The art of managing the festive season juggle
For some businesses festive season is a peak time, when customers loosen their purse string for big-ticket shopping
The festive season is a time when businesses slow down as everyone is gearing up to celebrate with their families. However, for some businesses it’s peak time, when customers loosen their purse string for big-ticket shopping. For Gaurav Singh Kushwaha, founder of online jewellery store BlueStone.com, it’s an extremely hectic time. “Festive season for jewellery business is a very special occasion. It gets very tiring but it’s an exciting time,” says Bengaluru-based Kushwaha.
Of course, discussions with function heads like marketing, sales, operations begins at least six months before the festival season, to ensure that the company is well-prepared, deliveries are in place and there are no last-mile hiccups. “We try to ensure no part of the business is at a breaking point during the season,” says Kushwaha. This leads to the frequency of meetings going up in the weeks leading to Diwali.
To ensure there are no glitches, everyone puts in long hours, including him. Even the factory runs 24/7, with employees working in shifts. “In the head office, we work well into midnight because customer interaction is high during this time. Everyone gets into direct customer interactions,” he says.
Despite the hectic schedule, Kushwaha ensures that the festive mood in office is not relegated to the background. So, there is the customary prayer ceremony and on that day every employee is encouraged to wear festive clothes. Gifts in the form of sweets are then distributed around the office. One ritual that BlueStone.com has been following for the last five years is shipping diyas to their customers at least 20 days in advance so that it doesn’t get operationally hectic. Another tradition that has been followed at the company for the last seven years is donating clothes to various NGOs.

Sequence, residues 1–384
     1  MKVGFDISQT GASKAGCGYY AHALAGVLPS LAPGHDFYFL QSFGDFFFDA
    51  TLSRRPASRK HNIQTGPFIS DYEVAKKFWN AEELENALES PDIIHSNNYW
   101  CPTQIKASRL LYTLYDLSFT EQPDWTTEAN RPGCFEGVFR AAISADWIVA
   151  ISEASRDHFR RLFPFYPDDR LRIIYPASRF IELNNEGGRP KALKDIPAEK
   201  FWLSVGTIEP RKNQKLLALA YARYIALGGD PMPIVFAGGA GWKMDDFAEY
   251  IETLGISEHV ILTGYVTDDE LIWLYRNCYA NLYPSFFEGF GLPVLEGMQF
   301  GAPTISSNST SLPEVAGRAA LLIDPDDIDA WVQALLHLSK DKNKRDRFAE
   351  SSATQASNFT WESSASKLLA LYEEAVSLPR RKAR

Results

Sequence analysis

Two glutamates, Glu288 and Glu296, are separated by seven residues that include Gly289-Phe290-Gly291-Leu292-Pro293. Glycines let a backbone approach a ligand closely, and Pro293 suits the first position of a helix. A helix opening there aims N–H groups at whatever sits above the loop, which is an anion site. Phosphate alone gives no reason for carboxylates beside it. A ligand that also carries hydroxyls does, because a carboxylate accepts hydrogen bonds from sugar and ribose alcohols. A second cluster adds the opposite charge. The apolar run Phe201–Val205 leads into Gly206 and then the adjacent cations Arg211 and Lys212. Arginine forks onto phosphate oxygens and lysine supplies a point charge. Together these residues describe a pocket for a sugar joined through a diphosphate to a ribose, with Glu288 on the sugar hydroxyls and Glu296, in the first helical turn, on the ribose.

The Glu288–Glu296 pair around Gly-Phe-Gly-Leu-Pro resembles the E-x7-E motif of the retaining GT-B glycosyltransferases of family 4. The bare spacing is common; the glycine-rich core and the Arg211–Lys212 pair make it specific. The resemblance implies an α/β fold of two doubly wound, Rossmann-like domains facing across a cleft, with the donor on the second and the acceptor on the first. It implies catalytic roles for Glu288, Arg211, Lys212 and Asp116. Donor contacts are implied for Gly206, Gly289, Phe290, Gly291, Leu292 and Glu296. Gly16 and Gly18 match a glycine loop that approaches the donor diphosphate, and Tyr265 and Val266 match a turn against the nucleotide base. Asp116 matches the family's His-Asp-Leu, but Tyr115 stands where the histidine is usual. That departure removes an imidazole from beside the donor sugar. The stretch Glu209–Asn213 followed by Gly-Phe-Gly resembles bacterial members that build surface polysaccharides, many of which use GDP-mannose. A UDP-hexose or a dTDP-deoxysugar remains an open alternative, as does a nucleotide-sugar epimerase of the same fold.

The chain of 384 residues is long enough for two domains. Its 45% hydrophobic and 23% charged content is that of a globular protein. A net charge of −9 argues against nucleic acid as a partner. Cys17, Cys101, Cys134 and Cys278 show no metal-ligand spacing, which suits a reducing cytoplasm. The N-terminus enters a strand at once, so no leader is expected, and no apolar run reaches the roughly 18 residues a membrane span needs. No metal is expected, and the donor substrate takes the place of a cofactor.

A crackling celebration
After a hectic few weeks, Kushwaha says that the Diwali day is much relaxed. “Thankfully Dhanteras happens two days before Diwali, so there is still time for people (employees) to get back into the festive mood. In fact, after Dhanteras, I take my daughter to shop for firecrackers. I know there is a lot of movement these days on avoiding crackers because of pollution but I am somewhat old-school when it comes to crackers,” says Kushwaha. He heads to Hosur, a town on the outskirts of Bengaluru known for fireworks, to do his firecracker purchase. His love for firecrackers can be traced to his earliest memories of the festival, where he would start bursting crackers a fortnight before Diwali. “I have gotten injured multiple times,” says Kushwaha. Now, he opts for firecrackers that throw up a lot of light as his two children are very young and get scared of noisy fireworks.
One of the fun traditions of the festival is the card games. However, Kushwaha steers clear of them. “I played twice and lost both times. That’s why I stopped playing card games,” he says with a laugh.
On his wish list
Kushwaha hopes that people celebrate festivals by spending more time with their families. In fact, he believes people should take time off and have a lot more fun and not be glued to their phones. On his part, his ideal way of spending the festival is to be with his children. “The kind of happiness and surprises you see on their face, especially given the age that they are, mesmerizes me,” he says.
Festival Spirit at Work is a series that looks at how CEOs spend Diwali at office and outside it.
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